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Let the Sun Shine In…or Not?

Sunscreen safety can be complex. Here is a look at the issues.

Who doesn’t love soaking up the sunshine? Something about it warms the soul and lightens the mood. We might be relaxing on the deck on a warm summer morning, grabbing lunch at an outdoor cafe after a hike, or taking the dogs for an afternoon walk. We turn our faces to the sun, we feel the tension begin to drain away, and we revel in the golden gift.

And, of course, we applied sunscreen before we headed outside, right? We pulled out our bottle of super-duper SPF 50 and slathered it on every exposed square inch of skin, thinking, “There, I’m protected.”

But are we protected? Is sunscreen safe? And don’t we need vitamin D from the sun that the sunscreen will block? Given recent concerns about risks to both our health and our planet’s vital coral reefs, how can we be sure using sunscreen is the right thing to do?

According to a 2018 American Chemical Society article, some sunscreen compounds may put us at increased risk for cancer—the very thing we’re trying to prevent—by disrupting hormone signaling in our bodies. Add to this the World Health Organization report that skin cancer rates are increasing worldwide, with 132,000 cases of melanoma and 2–3 million cases of other skin cancers occurring each year, and we have cause for concern.

And that’s only on land. As reported in a 2018 Sierra Club article, common synthetic chemical sunscreen ingredients oxybenzone and octinoxate have proven to be toxic to living coral. In essence, “chemical sunscreens serve to amplify one of the worst effects of climate change in the sea.” The governor of Hawaii recently signed a bill to ban the sale of sunscreens containing these two ingredients.

The article tells us that 14,000 tons of sunscreen enter the ocean every year. And we need not be anywhere near the ocean to contribute to this. Whether we’re “enjoying the crisp alpine air, desert vibes, or epic swell,” says the article, at some point, we’re going to rinse off all that our skin has collected—dirt, sunscreen—and that water runs into streams, rivers, and eventually, the ocean.

So What Can We Do?

Ginger S. Mentz, a board-certified dermatologist with Colorado Springs Dermatology Clinic, says, “The cause of skin cancer is sun exposure. The number one cause of aging skin is the sun. Both are caused by the chronic daily accumulation of sun damage over the years. Skin cancer is a preventable disease with daily sunscreen use.

“My recommendations for patients have always been for physical-barrier sunscreens, such as zinc oxide and titanium dioxide. As a dermatologist, I see less irritation with these products, and they also have the added benefit of not being photolabile, which means you can reapply while outside. The new FDA ruling reinforces these recommendations.”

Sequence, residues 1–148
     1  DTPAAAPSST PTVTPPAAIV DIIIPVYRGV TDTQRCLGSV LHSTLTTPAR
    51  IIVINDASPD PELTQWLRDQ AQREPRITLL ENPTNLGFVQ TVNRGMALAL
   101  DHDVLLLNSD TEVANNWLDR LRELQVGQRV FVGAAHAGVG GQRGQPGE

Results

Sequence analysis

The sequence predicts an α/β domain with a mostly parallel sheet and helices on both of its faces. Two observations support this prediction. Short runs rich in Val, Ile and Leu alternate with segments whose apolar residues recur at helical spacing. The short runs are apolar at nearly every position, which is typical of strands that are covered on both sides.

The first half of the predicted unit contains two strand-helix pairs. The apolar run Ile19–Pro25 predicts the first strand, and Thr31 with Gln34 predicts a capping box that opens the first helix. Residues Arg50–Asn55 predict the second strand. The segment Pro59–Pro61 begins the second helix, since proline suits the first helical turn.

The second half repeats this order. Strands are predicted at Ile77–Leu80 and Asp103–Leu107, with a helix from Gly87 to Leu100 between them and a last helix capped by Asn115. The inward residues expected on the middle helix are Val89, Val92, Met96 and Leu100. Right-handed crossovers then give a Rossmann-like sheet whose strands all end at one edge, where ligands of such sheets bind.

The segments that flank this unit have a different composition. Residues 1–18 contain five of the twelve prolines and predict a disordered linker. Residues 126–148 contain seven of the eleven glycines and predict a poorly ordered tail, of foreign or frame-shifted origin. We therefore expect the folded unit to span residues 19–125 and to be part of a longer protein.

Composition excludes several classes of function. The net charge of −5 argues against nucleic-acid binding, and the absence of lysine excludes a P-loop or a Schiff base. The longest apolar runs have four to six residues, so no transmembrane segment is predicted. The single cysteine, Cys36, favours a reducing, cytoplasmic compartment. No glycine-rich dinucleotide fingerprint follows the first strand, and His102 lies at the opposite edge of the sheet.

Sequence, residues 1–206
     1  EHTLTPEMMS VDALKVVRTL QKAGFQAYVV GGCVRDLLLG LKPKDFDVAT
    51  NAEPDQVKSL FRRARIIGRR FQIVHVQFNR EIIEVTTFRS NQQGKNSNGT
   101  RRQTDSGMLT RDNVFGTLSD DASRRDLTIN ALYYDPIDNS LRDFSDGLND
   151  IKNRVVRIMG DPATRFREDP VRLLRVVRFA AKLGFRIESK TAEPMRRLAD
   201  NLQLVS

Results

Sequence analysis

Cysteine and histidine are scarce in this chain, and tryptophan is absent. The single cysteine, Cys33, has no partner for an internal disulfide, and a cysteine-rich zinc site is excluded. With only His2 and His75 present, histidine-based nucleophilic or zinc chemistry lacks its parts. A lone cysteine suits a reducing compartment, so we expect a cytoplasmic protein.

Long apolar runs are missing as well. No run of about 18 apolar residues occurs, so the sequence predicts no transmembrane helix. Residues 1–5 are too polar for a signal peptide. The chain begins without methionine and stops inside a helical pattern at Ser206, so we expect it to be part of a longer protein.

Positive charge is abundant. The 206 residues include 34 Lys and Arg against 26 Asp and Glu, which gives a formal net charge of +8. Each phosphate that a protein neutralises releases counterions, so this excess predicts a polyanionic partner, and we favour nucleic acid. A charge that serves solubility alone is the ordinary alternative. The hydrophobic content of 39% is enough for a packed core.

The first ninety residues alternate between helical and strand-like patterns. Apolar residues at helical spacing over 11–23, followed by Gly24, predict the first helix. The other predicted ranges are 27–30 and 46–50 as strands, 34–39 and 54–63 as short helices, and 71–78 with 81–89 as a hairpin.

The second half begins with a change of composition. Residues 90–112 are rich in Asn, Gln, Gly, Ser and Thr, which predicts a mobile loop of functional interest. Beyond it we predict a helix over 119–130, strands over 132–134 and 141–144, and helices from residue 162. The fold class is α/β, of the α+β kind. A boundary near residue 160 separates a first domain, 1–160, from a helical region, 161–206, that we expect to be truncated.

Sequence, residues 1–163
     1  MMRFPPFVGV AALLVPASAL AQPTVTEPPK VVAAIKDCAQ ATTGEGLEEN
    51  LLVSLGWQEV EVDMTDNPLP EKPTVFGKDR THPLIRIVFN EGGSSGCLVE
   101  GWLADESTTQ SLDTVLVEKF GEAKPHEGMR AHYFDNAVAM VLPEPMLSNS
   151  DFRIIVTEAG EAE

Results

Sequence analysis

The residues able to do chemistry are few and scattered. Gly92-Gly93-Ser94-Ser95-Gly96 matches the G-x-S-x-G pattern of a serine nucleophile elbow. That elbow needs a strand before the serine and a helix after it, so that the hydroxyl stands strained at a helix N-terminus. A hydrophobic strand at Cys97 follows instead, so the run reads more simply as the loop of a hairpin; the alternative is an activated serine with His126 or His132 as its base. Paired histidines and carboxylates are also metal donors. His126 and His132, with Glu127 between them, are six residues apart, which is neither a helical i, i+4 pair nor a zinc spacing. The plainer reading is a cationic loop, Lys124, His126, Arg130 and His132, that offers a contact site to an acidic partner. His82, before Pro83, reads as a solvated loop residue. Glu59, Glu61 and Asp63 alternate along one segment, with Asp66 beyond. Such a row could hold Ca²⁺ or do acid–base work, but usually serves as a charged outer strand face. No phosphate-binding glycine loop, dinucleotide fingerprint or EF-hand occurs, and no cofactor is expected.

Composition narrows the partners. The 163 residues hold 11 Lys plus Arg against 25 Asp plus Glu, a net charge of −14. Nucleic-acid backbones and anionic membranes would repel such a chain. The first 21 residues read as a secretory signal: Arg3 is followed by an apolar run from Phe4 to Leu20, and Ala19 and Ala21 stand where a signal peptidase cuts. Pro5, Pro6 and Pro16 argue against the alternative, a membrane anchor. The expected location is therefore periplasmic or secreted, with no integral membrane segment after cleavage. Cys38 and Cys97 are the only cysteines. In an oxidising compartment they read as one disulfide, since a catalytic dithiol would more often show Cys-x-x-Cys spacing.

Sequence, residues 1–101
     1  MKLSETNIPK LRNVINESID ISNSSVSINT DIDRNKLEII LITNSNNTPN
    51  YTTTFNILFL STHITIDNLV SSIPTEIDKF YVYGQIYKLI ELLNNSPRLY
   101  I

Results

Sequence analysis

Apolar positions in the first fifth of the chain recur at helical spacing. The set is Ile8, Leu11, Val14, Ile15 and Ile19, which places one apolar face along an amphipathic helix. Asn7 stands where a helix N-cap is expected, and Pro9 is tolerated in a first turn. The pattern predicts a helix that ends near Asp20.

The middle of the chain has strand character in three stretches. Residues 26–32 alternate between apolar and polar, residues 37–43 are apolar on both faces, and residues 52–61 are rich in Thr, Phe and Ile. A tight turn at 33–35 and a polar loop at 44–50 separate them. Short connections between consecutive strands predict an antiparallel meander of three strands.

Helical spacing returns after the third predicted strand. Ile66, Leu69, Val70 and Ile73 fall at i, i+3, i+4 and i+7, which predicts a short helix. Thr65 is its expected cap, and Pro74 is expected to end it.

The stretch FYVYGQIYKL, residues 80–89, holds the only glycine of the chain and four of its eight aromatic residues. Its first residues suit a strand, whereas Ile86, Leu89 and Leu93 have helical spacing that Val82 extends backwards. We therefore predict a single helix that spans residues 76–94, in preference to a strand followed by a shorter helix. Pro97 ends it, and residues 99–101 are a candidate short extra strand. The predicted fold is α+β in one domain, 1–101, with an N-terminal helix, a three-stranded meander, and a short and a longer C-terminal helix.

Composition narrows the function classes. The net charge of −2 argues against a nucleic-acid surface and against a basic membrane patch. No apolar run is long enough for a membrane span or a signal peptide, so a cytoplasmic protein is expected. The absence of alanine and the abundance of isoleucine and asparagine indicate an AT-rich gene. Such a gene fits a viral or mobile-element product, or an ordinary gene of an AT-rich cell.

Zinc oxide and titanium dioxide are mineral sunscreen ingredients as opposed to synthetic chemical ingredients. Rather than absorbing into the skin, they sit on top of the skin and work by reflecting the UV rays. Synthetic sunscreens rub in clear and absorb the sun’s UV rays.

Dr. Mentz also recommends protective clothing as an easy way to protect our skin. “There are a multitude of skin-protective clothing options. Coolibar, Orvis, Target, and athletic stores all have garments with UPF (ultraviolet protection factor). Broad-brimmed hats are also useful for covering the face, ears, and neck.”

What About Vitamin D?

According to a July 2018 U.S. News and World Report article, vitamin D, in addition to helping keep bones strong, may protect against “a host of diseases, including osteoporosis, heart disease, and cancers of the breast, prostate, and colon.”

So what is best, getting our vitamin D from the sun, eating foods rich in it, or taking supplements?

Recommendations for getting vitamin D from the sun—thanks to UVB rays—include 10–15 minutes of unprotected sun exposure to our arms, legs, abdomen, and back between 10 am and 3 pm. Quick tip: If your shadow is longer than your body height, says the U.S. News article, you can’t make any vitamin D.

And as the article points out, “In the winter, it’s virtually impossible to produce vitamin D from the sun if you live 37° above the equator [Colorado Springs sits at 38.8° because the sun never gets high enough in the sky for its ultraviolet B rays to penetrate the atmosphere.”

Dr. Mentz suggests getting vitamin D in the form of supplements. “Personally, I am not outside enough to accumulate sufficient levels, so I supplement with vitamin D. As a dermatologist, seeing skin cancer on a daily basis, I cannot expose my unprotected skin to the sun in good conscience. With our modern indoor lifestyle, many people may require a vitamin D supplement.”

Tanning Beds: Does Anyone Still Do This?

• We shouldn’t ignore the issue of tanning beds, once touted as the ideal solution for those who wanted to maintain a bronze glow and also avoid the sun’s cancerous rays.

• “Studies clearly show tanning beds increase the risk of melanoma,” says Dr. Mentz. “In 2014, the FDA required warning labels that tanning beds not be used by people under the age of 18 due to the increased risk of skin cancer. Ultimately, I think tanning beds will carry a carcinogen warning much like cigarettes.”

• The Skin Cancer Foundation reports that more people develop skin cancer because of indoor tanning than develop lung cancer because of smoking.